Zoning changes and overlays may be necessary to realize the area's full potential, Leffingwell said, but development will still have to contend with the Capitol View Corridors, which establish height restrictions to maintain certain views of the state building.

"I don't think we'll make any effort to make any changes to those," he said. "It's something we'd rather work around if we could."

Some city and state facilities could potentially be relocated to make room for innovation-driven development. For example, Leffingwell said, the Austin Police Department headquarters could someday move from its Eighth Street location in the former flood plain rather than make necessary improvements to the facility.

Many state-owned properties—mostly filled with parking garages—also exist near the UT medical school. Leffingwell and Betts agreed the state may be open to redeveloping the properties.

"The state can ultimately profit from being adjacent to medical facilities," Betts said.

From Boston to Austin

Many working group members joined Leffingwell last fall on an Austin Chamber of Commerce–led trip to Boston to see Kendall Square and other areas of concentrated innovation. Jeremy Martin, Austin Chamber of Commerce senior vice president of government relations and regional infrastructure, said the group benefited from seeing a combination of projects made possible by strong public sector leadership and private sector investment.

"One of the main messages from Boston—and from Silicon Valley the year before—density, meaning proximity, is what allows creativity to happen," Martin said. "By clustering those resources, it allows for those chance encounters."

There must not be a hard boundary where the innovation district begins and ends, said Nathaniel Welch, senior manager for Cambridge, Mass.–based CFAR Consulting. An environment conducive to innovation will expand organically, he said.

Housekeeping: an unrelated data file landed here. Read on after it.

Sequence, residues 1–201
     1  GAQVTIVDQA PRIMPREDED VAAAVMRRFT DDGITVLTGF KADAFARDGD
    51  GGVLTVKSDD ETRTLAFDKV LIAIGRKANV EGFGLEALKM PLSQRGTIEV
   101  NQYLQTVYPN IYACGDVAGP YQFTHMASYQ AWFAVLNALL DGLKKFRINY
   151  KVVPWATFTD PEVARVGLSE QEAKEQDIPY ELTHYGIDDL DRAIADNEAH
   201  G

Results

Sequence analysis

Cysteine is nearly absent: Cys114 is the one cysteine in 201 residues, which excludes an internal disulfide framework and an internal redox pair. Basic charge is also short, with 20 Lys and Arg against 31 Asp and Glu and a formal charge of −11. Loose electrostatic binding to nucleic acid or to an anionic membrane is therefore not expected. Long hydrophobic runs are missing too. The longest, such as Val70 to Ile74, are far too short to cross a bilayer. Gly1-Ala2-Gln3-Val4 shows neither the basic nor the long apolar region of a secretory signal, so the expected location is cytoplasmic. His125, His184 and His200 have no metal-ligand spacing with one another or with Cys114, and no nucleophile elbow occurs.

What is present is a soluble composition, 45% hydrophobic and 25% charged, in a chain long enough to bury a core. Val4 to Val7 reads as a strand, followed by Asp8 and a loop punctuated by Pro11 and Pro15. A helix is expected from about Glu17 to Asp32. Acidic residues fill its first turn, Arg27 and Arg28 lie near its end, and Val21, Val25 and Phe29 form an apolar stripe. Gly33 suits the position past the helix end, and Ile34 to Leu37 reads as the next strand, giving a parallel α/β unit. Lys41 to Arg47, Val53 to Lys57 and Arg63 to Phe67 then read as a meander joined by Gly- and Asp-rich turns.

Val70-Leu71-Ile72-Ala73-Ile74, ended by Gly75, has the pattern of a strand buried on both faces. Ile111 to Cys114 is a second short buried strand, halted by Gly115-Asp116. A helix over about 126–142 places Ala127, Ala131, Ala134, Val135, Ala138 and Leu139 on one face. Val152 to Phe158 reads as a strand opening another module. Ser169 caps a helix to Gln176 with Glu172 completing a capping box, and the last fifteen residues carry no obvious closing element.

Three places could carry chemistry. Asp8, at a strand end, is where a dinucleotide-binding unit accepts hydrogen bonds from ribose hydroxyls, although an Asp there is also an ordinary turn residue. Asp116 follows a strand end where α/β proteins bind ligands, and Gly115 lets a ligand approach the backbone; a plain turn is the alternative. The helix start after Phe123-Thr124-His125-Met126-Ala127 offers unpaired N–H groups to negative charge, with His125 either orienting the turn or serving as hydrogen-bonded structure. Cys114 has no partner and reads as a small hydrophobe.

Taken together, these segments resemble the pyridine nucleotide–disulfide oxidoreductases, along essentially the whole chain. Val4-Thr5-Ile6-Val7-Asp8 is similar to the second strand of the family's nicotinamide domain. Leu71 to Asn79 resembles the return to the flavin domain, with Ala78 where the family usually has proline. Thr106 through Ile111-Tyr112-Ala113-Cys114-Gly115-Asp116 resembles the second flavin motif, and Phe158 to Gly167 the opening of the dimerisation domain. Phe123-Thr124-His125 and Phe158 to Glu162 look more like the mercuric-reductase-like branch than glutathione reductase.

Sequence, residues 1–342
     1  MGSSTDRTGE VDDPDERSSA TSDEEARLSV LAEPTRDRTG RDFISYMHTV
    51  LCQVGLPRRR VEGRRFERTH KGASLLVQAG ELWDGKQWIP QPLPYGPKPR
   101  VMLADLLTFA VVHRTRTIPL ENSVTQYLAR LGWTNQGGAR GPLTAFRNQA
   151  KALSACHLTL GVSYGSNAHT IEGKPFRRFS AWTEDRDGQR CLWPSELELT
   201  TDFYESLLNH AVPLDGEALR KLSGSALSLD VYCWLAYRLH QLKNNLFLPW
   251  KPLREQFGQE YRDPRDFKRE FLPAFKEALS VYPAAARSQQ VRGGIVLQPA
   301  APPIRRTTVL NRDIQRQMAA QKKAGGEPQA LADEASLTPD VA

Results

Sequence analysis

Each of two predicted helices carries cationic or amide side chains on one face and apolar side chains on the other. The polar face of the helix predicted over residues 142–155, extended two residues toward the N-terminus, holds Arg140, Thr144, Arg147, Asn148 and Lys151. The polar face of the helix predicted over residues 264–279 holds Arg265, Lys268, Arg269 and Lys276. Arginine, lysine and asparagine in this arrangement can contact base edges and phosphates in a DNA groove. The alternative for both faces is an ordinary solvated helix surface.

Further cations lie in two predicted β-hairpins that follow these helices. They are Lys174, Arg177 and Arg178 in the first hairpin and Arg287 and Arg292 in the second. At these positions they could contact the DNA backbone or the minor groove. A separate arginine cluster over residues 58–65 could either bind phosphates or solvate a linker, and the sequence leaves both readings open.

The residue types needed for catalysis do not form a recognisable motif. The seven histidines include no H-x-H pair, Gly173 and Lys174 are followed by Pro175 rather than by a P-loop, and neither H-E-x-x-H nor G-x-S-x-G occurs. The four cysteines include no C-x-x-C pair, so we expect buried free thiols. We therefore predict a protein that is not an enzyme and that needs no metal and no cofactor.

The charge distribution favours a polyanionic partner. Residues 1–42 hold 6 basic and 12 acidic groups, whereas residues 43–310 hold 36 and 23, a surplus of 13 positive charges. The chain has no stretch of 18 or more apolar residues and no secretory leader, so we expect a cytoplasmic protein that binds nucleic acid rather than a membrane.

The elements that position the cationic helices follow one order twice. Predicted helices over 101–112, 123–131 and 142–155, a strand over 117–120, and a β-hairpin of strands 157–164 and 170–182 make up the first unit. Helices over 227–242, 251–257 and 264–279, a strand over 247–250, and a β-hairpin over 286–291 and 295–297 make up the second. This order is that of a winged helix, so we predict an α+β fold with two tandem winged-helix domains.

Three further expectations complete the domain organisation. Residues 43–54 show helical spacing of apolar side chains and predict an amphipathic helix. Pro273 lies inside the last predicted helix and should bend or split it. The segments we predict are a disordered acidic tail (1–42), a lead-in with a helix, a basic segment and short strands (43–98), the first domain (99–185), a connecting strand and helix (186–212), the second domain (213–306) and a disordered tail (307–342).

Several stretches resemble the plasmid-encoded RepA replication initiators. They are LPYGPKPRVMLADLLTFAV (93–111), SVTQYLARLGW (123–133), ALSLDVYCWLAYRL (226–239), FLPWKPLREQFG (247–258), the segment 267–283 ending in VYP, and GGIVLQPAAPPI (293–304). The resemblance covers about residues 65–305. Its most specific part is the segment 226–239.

"The younger generations thinking of these ideas are the ones that can have an impact on the success of an innovation district, so there needs to be a pathway for those ideas to flow," Welch said.

Welch and William Ghormley, senior vice president of business development for Xconomy Inc., visited Austin last fall to discuss potential overlap between the Boston innovation districts and Leffingwell's initiative. Many of the successes in Boston came in waves, Ghormley said, and Austin would benefit from riding the momentum already started by the medical school project.

"The medical school will be a huge driver that will create ripples—like a huge rock being dropped in a pond," Ghormley said. "It starts to make the silos spin together and connect, and you find out who the new leaders of the next generation will be."

By Joe Lanane
Joe Lanane’s career is rooted in community journalism, having worked for a variety of Midwest-area publications before landing south of the Mason-Dixon line in 2011 as the Stillwater News-Press news editor. He arrived at Community Impact Newspaper in 2012, gaining experience as editor of the company’s second-oldest publication in Leander/Cedar Park. He eventually became Central Austin editor, covering City Hall and the urban core of the city. Lanane leveraged that experience to become Austin managing editor in 2016. He managed eight Central Texas editions from Georgetown to San Marcos. Working from company headquarters, Lanane also became heavily involved in enacting corporate-wide editorial improvements. In 2017, Lanane was promoted to executive editor, overseeing editorial operations throughout the company. The Illinois native received his bachelor’s degree from Western Illinois University and his journalism master’s degree from Ball State University.